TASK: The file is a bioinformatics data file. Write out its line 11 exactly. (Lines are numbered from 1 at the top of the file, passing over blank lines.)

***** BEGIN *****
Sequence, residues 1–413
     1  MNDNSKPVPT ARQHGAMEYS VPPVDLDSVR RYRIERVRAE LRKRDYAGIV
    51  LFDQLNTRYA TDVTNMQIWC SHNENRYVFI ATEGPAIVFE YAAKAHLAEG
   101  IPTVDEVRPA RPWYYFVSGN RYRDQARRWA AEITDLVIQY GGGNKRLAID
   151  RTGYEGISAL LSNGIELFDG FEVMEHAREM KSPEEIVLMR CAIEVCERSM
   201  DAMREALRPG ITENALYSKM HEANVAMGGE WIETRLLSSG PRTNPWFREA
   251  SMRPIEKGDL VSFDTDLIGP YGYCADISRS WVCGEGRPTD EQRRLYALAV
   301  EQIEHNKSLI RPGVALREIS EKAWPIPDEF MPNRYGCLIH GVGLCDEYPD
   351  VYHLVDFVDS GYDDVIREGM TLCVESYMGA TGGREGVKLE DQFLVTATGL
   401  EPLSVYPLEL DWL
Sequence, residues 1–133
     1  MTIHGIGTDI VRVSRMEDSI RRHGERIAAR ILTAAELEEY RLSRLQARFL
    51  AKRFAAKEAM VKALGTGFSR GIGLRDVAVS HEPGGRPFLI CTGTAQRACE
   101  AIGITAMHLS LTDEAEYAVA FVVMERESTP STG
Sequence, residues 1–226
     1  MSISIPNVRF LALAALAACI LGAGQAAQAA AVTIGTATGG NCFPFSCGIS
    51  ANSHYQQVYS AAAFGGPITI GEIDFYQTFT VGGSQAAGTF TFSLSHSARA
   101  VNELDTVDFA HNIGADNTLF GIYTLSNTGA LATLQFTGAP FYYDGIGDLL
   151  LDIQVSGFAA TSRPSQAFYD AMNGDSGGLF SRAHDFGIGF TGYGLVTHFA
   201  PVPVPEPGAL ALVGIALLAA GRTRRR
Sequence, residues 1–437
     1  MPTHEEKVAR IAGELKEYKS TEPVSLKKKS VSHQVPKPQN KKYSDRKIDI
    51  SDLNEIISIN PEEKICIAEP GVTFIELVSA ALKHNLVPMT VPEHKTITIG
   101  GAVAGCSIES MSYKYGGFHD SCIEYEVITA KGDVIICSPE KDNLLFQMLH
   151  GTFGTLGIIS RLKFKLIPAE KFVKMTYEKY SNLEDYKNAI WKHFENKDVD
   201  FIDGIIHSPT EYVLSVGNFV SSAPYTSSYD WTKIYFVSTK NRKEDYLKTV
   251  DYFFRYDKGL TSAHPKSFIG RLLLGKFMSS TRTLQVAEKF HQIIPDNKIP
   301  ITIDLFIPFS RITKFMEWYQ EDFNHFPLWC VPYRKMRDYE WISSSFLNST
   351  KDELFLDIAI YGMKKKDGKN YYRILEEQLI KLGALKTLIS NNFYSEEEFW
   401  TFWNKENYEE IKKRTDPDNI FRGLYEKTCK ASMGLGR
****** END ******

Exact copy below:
Sequence, residues 1–133